Ayurveda, tinnitus and other ear problems
I turned to Ayurveda in December 2016 and it changed my life.
A yoga teacher once told me that she had a terrible problem with her ears while on holiday in India and Ayurveda cured her.
It was the first I’d heard about Ayurveda but it wasn’t relevant to me, as I didn’t have any health problems at the time. If anything, I thought it sounded completely insane.
But after developing my own ear problems, her story kept whirling around my head. I’d been virtually housebound for 11 months and was increasingly depressed by my snail-like progress. I decided to put my doubts aside and try Ayurveda.
I’m so glad I did.
What is Ayurveda?
Ayurveda is India’s ancient healing system. It dates back 5,000 years and is widely regarded as the world’s oldest system of health.
It means ‘science of life’ and has two main principles. Firstly, it tells us how to live healthy, happy lives. Secondly, it gives us methods for curing diseases.
How it works
According to Ayurveda, the human body (like everything else in nature) has three doshas called vata, pitta and kapha which act as the body’s invisible intelligence. The doshas are present in all of us but their exact ratio varies between one person and the next, which is what makes us unique.
The key to living healthy, happy lives is to keep the doshas in balance. This is easier said than done as they’re constantly fluctuating according to our age, the weather, what we eat and drink, our thoughts, actions and stress levels.
Disease occurs when toxins build up in our bodies. This causes one or more of the doshas to accumulate beyond a healthy level. When out of balance in this way, the doshas wreak havoc on our bodies.
About the doshas
The doshas govern every aspect of our physiology and give us our personal characteristics.
Vata governs movement in the body such as the heartbeat, blinking and the journey of food through the GI tract. It gives us creativity, speed of thought, anxiety and nervousness.
Pitta is the body’s fire, and controls body temperature, metabolism and digestion. It’s responsible for passion, ambition, anger and competitiveness.
Kapha gives the body its physical form and enables children to grow. It is the body’s cement, glue and lubrication. It gives us physical strength, lubricates our joints and moisturises our skin. It gives us loyalty and forgiveness; makes us sluggish and greedy.
Ayurveda and ear disorders
Most ear disorders, such as excessive ear wax, tinnitus, hyperacusis and Meniere’s disease, are caused by a vata imbalance. This means vata has accumulated to an unhealthy level and needs to be reduced.
Confusingly vertigo can be caused by a vata, pitta or kapha imbalance depending on the symptoms. It’s thought mine was caused by a vata imbalance.
Understanding other symptoms
Ayurveda also explains my other symptoms.
Vata creates fear, anxiety and nervousness. A vata imbalance explains the fear and panic with which I responded to everyday sounds such as laughter and running water and why I became agoraphobic. It also explains the creativity I’ve discovered since becoming unwell.
Similarly, it gives a reason for my chronic insomnia. Each dosha has a dominant time of day; vata’s is 2-6 am and pm. As vata governs our thoughts, this is why I constantly woke at 2am with my mind racing and I couldn’t fall back to sleep until after 5am.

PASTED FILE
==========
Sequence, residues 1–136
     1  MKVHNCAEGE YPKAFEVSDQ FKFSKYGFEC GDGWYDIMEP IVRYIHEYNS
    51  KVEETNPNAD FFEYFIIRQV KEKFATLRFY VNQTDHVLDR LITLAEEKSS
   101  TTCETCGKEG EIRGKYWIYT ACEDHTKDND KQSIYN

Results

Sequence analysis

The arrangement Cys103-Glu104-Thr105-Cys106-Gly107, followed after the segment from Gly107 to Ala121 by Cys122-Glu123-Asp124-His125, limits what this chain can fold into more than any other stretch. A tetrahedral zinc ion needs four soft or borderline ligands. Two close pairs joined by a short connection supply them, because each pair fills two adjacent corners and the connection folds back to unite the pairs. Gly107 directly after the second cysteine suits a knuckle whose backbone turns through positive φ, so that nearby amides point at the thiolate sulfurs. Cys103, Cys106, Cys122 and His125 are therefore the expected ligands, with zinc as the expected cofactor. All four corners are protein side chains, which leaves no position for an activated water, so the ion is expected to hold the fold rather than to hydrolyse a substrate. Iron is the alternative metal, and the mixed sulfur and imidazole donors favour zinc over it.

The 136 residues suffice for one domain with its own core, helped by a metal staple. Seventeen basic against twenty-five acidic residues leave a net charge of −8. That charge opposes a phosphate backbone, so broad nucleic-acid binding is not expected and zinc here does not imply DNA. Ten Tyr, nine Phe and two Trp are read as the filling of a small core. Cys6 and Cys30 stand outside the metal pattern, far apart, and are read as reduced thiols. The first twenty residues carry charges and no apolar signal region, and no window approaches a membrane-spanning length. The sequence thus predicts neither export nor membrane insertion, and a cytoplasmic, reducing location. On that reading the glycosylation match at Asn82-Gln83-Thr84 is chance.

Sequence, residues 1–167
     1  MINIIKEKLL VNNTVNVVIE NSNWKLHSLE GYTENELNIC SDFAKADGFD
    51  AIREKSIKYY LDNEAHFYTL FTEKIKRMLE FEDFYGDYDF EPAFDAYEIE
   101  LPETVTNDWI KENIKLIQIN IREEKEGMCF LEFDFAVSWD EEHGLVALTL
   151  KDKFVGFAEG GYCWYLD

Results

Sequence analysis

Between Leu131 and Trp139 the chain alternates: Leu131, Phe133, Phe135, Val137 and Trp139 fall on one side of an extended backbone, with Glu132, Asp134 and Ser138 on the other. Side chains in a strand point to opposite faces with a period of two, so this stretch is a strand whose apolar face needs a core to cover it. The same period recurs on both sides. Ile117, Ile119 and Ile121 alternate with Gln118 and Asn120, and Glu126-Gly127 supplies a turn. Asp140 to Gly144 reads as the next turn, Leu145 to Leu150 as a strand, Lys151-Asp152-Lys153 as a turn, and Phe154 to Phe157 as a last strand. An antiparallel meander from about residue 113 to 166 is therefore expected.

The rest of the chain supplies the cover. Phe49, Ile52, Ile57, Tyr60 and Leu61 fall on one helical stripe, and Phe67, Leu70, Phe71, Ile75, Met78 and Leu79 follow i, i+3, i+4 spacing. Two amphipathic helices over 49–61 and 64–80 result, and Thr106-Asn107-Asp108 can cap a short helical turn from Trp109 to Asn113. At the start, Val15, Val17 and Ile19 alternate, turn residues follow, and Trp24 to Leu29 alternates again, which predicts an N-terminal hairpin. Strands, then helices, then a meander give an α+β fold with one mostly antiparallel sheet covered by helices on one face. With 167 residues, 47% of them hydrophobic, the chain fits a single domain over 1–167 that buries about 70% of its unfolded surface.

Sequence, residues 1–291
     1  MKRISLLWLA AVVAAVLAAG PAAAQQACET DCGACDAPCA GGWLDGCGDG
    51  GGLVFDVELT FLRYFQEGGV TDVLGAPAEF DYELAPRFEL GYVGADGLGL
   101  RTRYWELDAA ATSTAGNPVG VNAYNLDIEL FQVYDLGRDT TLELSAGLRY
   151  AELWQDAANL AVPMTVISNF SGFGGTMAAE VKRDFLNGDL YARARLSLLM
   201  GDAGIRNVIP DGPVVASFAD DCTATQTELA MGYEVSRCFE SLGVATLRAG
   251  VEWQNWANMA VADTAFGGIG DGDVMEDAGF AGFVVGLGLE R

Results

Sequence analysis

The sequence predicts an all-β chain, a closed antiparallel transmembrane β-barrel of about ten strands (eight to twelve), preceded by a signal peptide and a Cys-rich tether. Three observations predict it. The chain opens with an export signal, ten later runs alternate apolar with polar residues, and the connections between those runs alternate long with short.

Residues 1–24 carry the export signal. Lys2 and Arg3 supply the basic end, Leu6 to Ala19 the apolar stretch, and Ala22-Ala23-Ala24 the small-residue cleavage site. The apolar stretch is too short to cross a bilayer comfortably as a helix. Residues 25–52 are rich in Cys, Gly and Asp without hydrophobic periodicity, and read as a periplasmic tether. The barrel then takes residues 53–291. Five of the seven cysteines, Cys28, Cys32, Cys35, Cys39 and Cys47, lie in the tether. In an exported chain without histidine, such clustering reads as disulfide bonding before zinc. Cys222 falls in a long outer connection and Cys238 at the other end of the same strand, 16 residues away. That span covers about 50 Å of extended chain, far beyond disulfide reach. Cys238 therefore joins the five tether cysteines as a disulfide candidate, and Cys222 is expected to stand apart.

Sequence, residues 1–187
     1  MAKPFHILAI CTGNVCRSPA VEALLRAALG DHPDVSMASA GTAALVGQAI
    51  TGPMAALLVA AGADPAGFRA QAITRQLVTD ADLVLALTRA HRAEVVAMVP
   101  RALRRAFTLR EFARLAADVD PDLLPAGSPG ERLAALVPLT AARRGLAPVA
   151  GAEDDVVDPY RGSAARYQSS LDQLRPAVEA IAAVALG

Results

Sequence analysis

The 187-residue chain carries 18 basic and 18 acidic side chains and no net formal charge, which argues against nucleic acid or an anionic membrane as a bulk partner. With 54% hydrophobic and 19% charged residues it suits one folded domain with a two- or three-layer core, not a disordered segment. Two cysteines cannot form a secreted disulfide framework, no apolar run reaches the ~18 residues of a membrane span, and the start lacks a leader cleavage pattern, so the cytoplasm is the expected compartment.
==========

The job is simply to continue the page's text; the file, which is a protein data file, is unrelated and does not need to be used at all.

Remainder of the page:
Vata governs movement around the body. When it becomes aggravated, it hinders the movement of pitta and kapha which can cause them to become out of balance too.
The savage fever, the rash that ran from my armpits to my knees, and the anger unleashed by the illness are all symptoms of a pitta imbalance.
Diagnosing and treating dosha imbalances is both a science and an art.
I found a wonderful Ayurvedic doctor in London who guided me through the bewildering process.
The first step was to reduce vata because the symptoms caused by this imbalance (tinnitus, hyperacusis and insomnia) were the most severe. Because of vata’s disruptive effect on the other doshas, settling vata should help bring pitta back into balance too.
Each dosha has specific attributes that help rebalance the body and cure disease. Vata’s attributes are dry, rough, light and cold, like a piece of chalk.
In Ayurveda, “like increases like” while opposites create balance. For example, eating dry rough foods such as raw oats, or light, cold foods such as lettuce will increase vata. Oily, heavy foods like avocados and full fat milk reduce vata.
Vata is also pacified by massaging sesame-seed oil into the body. This is called abhyanga. Sesame oil is used because it is naturally warming, which helps to balance vata.
In addition to a strict vata-pacifying diet and the daily abhyanga massage, the doctor also prescribed a sesame oil nasal spray to calm vata in my ears, nose and throat, and herbal pills to settle vata’s influence on my mind.
Did it work?
The results were instant and transformative.
The insomnia stopped almost immediately and the tinnitus started to reduce, especially in the mornings. My mind became more settled which gave me clarity for the first time in almost a year.
Within a month I was able to tolerate noise to such an extent that I returned to the office three days a week. A few months later I was back at work full-time.
Ayurveda has not been plain sailing – there have been setbacks and I have often been brought to my knees. However the results have been so extraordinary that I’ve never doubted the power of this system of healing and, over the last 18 months, I’ve gone to extreme measures to fully immerse myself in it.
The next post gives a more personal description of Ayurvedic treatments for ear disorders and their results.
Ayurveda sounds bonkers and I started off being sceptical. However I am now a true convert and I’d encourage anyone with a long-term health issue to give it a try.